When you arrive

Every combination of airport, country, accommodation type and transfer desired cannot be addressed in a single set of advice. But, there is a universal experience that you should consider:  immigration, baggage claim and customs, transfers to your accommodations and what you do when you finally get there!  See below for tips.

  • Immigration and Customs

    Immigration is also known as passport control.  Customs is after you claim your baggage and they can inspect your bags if they want.  Generally, countries are more concerned upon entry to their country than when you are departing.   After disembarking the plane, don’t forget a stroller if you checked one,  you will first encounter Immigration.   You will likely approach the official window as a family.  If you are with 380 other tourists getting off a loaded jumbo jet, getting through Immigration can take a long time.  Be sure to look at the signs and get in the line that is not for citizens of that country or of the European Union. Have your documents handy.  Don’t make jokes or be unprepared.   If you book prearranged transfers, be sure to give yourself plenty of time between landing and your pick-up time.  Expect to have to have to produce your baggage claim checks although that’s not always required.  Get a cart if it eases the process for your family.

  • Transfers to your Accommodations

    I often think having a prearranged transfer is a good investment.  Upon exiting the baggage area you simply look for a driver holding your name up on a card.  This option is the most expensive option but is particularly good if you have rented an apartment at your destination. You can often book them as part of your rental package.  Taxis are also fairly expensive but the prices are typically regulated as governments control gouging tourists and giving their country a poor impression.  Try to pay be credit card. Insist if they can but simply prefer not to. Business customers will always pay by credit card when possible.  This may be where having local currency on hand comes in handy but you leave yourself more exposed to being over-charged if paying in cash.  Taxi drivers are not required to handle your bags.  Private transfers or taxis are recommended options to give your family a “soft landing” after a long journey.  There often will be subways or buses you can choose from as a more economical option.  These are often very modern and easy.  Look at these transfer options when you select accommodations to book one by a major station.  You decision may be based on the length of your trip, arrival time, budget and ages of your kids.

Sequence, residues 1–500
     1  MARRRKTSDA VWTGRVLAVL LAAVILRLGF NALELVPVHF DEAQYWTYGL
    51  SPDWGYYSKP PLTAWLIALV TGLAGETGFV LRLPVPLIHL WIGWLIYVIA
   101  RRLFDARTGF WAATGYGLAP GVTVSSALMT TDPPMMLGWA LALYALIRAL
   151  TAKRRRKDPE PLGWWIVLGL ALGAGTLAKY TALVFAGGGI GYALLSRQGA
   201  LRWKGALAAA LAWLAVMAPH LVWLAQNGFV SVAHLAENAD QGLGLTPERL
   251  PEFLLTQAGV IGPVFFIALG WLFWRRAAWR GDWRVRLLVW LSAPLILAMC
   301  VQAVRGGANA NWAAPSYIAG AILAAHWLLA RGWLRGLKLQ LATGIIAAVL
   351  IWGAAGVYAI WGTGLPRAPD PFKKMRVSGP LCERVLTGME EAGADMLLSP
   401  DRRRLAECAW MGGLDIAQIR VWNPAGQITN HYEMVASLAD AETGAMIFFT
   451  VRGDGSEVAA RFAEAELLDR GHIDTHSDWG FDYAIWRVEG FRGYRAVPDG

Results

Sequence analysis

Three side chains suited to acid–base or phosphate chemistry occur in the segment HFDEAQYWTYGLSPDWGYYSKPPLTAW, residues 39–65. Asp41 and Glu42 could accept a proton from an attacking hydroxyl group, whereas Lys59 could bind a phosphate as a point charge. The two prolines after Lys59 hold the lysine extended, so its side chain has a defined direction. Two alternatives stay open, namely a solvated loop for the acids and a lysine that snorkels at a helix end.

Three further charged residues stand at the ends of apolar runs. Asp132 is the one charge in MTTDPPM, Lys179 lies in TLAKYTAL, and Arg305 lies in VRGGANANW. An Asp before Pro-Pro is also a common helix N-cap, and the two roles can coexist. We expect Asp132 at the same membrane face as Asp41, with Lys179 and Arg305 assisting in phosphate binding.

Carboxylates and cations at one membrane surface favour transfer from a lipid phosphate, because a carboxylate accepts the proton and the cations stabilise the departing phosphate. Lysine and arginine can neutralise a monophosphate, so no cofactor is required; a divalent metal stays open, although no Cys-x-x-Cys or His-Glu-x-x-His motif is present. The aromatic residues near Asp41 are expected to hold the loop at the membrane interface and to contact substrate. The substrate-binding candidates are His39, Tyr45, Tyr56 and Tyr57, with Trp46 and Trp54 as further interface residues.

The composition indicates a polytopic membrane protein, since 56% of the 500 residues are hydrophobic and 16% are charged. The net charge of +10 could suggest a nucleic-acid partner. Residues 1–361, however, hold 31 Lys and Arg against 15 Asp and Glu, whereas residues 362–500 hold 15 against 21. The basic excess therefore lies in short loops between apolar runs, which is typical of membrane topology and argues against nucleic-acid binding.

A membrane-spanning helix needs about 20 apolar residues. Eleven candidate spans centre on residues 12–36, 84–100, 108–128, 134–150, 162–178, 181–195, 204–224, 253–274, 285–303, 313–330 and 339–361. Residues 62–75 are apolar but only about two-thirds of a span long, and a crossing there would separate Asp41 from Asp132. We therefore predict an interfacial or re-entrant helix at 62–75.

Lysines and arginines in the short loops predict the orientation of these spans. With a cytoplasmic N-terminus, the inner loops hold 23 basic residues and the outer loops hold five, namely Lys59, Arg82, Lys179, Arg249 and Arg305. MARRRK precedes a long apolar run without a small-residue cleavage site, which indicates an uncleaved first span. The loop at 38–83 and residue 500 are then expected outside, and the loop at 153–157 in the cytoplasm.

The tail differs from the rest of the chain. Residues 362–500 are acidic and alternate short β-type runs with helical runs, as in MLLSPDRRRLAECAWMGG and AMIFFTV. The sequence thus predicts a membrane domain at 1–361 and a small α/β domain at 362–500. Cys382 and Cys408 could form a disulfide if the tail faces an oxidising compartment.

• Arrival!!

    Finally you’ve made it!  You can flop on the bed and kick your shoes off!  Congratulations!   Many flights to Europe arrive early in the morning.  You could consider booking the room also for the night before so you are sure it’s available upon arrival or advise your booking agent that you have an early arrival so they can either let you in early or arrange to have to room cleaned as early as possible.  After taking a reasonable break, plan on going out to stretch your legs and to get some fresh air.  You’ll feel a lot better for it and may be surprised by how much energy you have.   Try not to take a nap so you can minimize the effects of jet lag.  Ask where you can find a small grocery to buy some water, cookies or snacks because it’s likely you’ll wake up in the middle of the night with jet lag and having some provisions is a good idea!  Keep one eye open for an ATM close to your accommodations for later.